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Siege of Hijiyama
Part of the Sengoku period
Date1581
LocationUeno, Iga province, Japan
Result Oda victory; castle destroyed
Belligerents
Forces of Oda Nobunaga Forces of Iga Sōkoku Ikki
Commanders and leaders
Gamō Ujisato
Tsutsui Junkei
Momota Tōbei
Ozawa Tomohisa
Strength
30,000 1,000+


The 1581 siege of Hijiyama (比自山城の戦い hijiyama-jō no tatakai?) was one of the crucial battles in Oda Nobunaga's campaigns to seize Iga province during Japan's Sengoku period. After a lengthy siege, and several successful sallies by the defenders, the castle eventually fell and was destroyed.

Gamō Ujisato and Tsutsui Junkei commanded Nobunaga's forces, Gamō attacking the castle's neighboring towns near modern-day Ueno, Mie prefecture while Tsutsui approached from the west. The defensive force rose from those villages and gathered at the fortress, some preparing an ambush halfway up the hill. Gamō and Tsutsui launched their assault at night, pressing up the hill and meeting fierce resistance before being pushed back entirely by the ambush. The defenders threw rocks and even trees, and fired bows, and muskets, from the castle.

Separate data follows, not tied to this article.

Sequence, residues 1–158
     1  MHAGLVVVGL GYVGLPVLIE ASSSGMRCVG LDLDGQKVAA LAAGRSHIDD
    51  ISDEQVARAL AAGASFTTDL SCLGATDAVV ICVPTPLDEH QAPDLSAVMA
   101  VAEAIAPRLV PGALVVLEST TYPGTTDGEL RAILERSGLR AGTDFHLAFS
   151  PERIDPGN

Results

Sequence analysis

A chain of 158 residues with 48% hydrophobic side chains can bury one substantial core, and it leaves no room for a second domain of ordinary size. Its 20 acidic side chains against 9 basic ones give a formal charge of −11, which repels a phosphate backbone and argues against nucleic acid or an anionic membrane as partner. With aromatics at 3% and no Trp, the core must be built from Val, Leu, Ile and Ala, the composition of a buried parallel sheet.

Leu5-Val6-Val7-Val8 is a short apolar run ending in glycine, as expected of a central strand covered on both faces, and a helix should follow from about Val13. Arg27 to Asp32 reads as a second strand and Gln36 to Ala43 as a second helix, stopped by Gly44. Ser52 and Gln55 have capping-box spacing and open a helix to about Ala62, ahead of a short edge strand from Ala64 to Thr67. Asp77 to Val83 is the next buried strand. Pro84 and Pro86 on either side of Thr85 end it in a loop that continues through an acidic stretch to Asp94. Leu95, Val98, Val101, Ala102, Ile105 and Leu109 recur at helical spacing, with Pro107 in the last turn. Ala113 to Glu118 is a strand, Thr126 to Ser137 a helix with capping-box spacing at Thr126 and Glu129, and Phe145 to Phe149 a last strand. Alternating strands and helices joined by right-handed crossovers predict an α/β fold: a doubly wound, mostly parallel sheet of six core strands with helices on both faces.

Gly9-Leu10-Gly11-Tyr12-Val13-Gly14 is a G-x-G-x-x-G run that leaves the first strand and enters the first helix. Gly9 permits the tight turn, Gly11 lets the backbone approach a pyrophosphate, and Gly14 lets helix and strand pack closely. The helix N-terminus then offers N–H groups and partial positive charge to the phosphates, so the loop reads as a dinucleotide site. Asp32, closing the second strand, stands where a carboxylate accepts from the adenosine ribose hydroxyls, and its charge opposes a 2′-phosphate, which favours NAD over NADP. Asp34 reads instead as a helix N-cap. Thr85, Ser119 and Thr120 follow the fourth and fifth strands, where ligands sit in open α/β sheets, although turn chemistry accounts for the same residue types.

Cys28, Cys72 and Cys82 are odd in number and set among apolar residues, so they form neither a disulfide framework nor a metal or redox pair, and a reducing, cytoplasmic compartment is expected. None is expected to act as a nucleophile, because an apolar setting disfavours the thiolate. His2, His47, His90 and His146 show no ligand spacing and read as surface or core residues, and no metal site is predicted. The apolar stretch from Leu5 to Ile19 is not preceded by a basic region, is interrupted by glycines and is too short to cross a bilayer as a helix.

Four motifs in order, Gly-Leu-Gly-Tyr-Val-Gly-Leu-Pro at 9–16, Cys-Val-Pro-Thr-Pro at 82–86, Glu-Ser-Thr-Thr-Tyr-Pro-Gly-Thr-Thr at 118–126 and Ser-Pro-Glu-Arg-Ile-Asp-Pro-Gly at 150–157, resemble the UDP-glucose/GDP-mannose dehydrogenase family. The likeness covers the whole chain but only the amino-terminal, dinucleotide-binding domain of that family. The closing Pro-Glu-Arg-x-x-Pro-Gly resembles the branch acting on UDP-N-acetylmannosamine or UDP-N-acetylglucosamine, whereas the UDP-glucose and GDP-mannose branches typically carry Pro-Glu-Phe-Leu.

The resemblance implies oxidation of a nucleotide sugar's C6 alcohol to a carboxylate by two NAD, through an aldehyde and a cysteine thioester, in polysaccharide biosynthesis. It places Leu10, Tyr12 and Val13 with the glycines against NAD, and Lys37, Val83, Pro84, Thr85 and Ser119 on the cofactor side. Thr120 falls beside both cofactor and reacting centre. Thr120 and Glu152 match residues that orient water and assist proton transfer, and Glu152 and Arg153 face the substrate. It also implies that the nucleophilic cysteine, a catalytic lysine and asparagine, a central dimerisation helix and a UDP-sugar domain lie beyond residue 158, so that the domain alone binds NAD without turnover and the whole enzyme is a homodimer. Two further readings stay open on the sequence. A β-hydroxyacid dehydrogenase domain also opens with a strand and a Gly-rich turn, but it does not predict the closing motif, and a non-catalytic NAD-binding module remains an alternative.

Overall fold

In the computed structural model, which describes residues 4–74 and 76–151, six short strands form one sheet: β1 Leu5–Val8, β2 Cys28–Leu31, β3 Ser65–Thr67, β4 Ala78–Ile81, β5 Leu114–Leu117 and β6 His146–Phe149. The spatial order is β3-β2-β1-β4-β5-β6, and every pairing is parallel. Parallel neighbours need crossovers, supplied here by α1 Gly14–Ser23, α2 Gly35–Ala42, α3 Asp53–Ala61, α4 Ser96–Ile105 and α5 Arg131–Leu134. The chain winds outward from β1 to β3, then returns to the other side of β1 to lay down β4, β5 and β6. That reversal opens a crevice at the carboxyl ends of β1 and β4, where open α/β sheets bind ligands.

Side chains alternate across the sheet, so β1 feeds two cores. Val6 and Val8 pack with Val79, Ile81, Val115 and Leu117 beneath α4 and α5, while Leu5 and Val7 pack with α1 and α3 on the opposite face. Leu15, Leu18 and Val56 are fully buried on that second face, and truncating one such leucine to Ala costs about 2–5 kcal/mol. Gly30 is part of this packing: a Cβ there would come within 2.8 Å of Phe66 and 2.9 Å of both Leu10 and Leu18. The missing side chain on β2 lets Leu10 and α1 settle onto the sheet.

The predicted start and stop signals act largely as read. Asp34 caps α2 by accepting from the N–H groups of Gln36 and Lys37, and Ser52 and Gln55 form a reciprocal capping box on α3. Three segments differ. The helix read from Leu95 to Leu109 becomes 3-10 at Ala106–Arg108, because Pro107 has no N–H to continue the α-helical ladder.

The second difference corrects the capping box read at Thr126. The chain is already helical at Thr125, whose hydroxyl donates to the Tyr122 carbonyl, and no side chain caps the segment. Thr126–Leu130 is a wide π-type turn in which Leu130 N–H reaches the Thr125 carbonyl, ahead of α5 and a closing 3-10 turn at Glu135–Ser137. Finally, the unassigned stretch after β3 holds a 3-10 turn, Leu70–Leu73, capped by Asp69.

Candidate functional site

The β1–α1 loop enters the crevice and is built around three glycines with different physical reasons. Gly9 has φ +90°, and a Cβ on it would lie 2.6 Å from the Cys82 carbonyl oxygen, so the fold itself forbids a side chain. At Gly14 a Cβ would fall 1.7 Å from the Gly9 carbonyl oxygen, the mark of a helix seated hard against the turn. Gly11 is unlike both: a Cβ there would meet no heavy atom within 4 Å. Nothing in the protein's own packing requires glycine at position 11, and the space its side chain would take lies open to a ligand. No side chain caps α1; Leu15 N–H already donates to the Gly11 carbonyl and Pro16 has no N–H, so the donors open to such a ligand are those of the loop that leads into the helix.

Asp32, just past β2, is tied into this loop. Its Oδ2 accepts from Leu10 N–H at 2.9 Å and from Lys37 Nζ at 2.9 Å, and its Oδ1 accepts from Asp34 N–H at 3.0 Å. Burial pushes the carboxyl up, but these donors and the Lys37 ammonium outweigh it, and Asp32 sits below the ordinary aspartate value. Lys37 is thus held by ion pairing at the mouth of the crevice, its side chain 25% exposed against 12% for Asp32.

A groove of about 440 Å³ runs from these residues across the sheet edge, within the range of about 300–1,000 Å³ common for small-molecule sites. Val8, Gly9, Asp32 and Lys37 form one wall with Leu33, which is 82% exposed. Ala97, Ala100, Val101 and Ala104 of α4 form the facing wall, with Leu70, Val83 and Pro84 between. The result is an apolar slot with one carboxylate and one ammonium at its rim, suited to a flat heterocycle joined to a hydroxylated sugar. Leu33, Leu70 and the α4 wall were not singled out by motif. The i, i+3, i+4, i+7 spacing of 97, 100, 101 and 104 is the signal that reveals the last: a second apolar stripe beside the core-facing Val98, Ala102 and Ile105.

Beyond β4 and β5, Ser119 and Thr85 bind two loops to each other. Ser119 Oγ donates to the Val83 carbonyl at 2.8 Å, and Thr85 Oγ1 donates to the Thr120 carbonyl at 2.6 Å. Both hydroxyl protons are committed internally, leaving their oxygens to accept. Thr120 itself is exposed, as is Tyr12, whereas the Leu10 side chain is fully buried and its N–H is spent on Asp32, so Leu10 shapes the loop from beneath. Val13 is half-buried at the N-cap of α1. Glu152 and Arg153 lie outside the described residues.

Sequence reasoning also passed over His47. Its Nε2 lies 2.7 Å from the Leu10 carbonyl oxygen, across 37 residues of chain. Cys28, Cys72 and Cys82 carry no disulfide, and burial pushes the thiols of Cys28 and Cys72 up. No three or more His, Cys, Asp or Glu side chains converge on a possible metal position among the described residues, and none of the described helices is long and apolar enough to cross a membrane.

Several nights later, the garrison launched a secret attack of their own on the enemy camp at Nagaokayama. Approaching from three directions, they lit torches upon a signal and closed in. Tsutsui's forces were alarmed and confused, and began firing arrows in every direction. Shortly, however, the torches were blown out by a fierce wind, and the battle was plunged into darkness. The garrison's warriors allegedly used passwords to help them determine friend from foe, while their foes killed many of their own in the confusion.

Despite this assault, the fortress was still under siege, badly outnumbered, and running out of food. When Gamō and Tsutsui attacked the fortress once more, they found the weather to be perfect for setting the entire complex ablaze. Wind from the mountains and dry weather combined to fan the flames and spread them across the wooden stockades, destroying the entire fortress, along with the nearby Hachiman Shintō shrine.

References

  • Turnbull, Stephen (1998). 'The Samurai Sourcebook'. London: Cassell & Co.

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